Small gains now or big rewards later? The conundrum plagues every decision we make, whether we are investing or dieting. Now researchers find that men and women use different strategies to make such choices.
Researchers use gambling games to understand what we do when immediate rewards are pitted against long-term gains. Most of these games find no major differences in how men and women play. An experimental setup called the Iowa Gambling Task (IGT), however, finds consistent—and large—differences between the behavior of men and women: men are better at figuring out the strategy that reaps the bigger payoff.
Players are given four decks of cards, and they choose one card at a time from any deck they want. Each card has a win or loss amount on it, and each deck has its own unique payout pattern. Two of the decks contain cards that dole out large or frequent rewards, but consistently choosing cards from these decks leads to losses in the long run. The other two decks provide a modest amount of cash per win but less loss over time, so they offer long-term gains for players who pick from them most frequently. These patterns are carefully obscured so that the winning strategy is not obvious.
A review published in February in Behavioural Brain Research finds that men focus on the big picture, watching their total earnings and quickly homing in on which of the decks will lead to gains in the long run. Women focus on details such as the frequencies of wins and losses for each deck, missing the overall impact each deck has on their total balance. Sensitive to losses, women tend to switch to a different deck as soon as they are pinged with a setback, making it more difficult for them to identify the prize deck.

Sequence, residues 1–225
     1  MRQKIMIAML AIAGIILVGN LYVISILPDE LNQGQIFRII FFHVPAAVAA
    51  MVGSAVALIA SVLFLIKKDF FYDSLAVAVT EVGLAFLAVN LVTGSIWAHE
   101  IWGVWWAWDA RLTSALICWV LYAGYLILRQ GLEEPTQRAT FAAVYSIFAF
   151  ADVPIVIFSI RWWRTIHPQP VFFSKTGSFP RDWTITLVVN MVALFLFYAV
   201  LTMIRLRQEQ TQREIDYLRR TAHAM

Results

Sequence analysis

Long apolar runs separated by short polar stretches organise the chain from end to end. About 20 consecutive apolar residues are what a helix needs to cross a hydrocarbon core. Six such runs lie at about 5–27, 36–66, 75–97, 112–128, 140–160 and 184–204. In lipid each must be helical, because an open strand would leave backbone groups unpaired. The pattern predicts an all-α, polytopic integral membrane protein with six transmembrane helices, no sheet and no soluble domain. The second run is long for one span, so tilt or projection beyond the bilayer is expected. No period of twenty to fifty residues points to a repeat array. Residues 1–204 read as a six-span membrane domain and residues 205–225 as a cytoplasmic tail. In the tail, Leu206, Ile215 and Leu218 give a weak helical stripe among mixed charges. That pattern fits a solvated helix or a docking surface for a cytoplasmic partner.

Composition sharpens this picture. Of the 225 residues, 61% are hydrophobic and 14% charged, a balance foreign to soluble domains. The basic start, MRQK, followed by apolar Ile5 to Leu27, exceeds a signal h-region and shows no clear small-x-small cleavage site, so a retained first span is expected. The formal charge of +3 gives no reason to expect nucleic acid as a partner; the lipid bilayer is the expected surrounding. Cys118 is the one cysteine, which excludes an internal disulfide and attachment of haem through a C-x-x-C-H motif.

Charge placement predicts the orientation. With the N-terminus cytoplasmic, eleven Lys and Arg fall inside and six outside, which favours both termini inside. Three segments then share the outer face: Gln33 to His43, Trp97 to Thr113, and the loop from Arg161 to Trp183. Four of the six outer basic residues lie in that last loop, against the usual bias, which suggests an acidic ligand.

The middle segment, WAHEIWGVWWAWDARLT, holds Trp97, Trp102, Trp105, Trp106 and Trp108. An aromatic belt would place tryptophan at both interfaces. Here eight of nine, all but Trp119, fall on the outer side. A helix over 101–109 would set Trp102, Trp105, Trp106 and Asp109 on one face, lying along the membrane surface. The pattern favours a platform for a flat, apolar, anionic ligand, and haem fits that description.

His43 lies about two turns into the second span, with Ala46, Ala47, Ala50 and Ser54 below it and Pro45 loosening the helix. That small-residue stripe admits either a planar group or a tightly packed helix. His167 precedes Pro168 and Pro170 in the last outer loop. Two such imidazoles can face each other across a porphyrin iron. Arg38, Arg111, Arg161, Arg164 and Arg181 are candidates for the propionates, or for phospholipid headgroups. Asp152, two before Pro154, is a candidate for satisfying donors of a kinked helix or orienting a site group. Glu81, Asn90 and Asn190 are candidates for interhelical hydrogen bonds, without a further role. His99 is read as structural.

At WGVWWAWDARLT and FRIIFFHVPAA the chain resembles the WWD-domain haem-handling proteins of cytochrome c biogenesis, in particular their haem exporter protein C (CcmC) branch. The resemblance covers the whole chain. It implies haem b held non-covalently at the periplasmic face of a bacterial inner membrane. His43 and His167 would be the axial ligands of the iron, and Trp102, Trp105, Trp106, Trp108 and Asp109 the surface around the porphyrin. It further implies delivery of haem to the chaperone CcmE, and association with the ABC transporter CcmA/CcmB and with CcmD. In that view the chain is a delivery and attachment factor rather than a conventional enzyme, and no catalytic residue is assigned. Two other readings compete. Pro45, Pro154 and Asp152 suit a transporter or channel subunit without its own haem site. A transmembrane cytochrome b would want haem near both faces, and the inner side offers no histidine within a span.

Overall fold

The strategies reflect underlying differences in activation in the orbitofrontal cortex, a region involved in decision making and the associated expectation of positive or negative consequences. During the task women have more activity in the medial part of this region, involved in regular patterns and immediate reward, whereas men preferentially engage the top, dorsal area, implicated in irregular patterns and long-term reward.
“When people think women make errors in these tasks, it's more that they're gathering information,” says lead author Ruud van den Bos, a neurobiologist at Utrecht University in the Netherlands. Women's detailed exploration makes them more attuned to changes. If, for example, the rules of wins and losses for the decks were switched midtask, women would clue in to the new patterns more quickly than men. Van den Bos says the IGT happens to be designed so that the long-term strategy is best, but in decisions where knowing the details counts, women may have the advantage.
Because real decisions are much more complex than lab games, van den Bos emphasizes that neither strategy is inherently better; both are necessary and useful in daily life. He also points out that in the IGT some women perform like men, and vice versa. The dividing line is often blurry when it comes to female- and male-typical behaviors. “By disentangling the biological from the societal, we can understand how differences can be turned into advantages,” van den Bos says.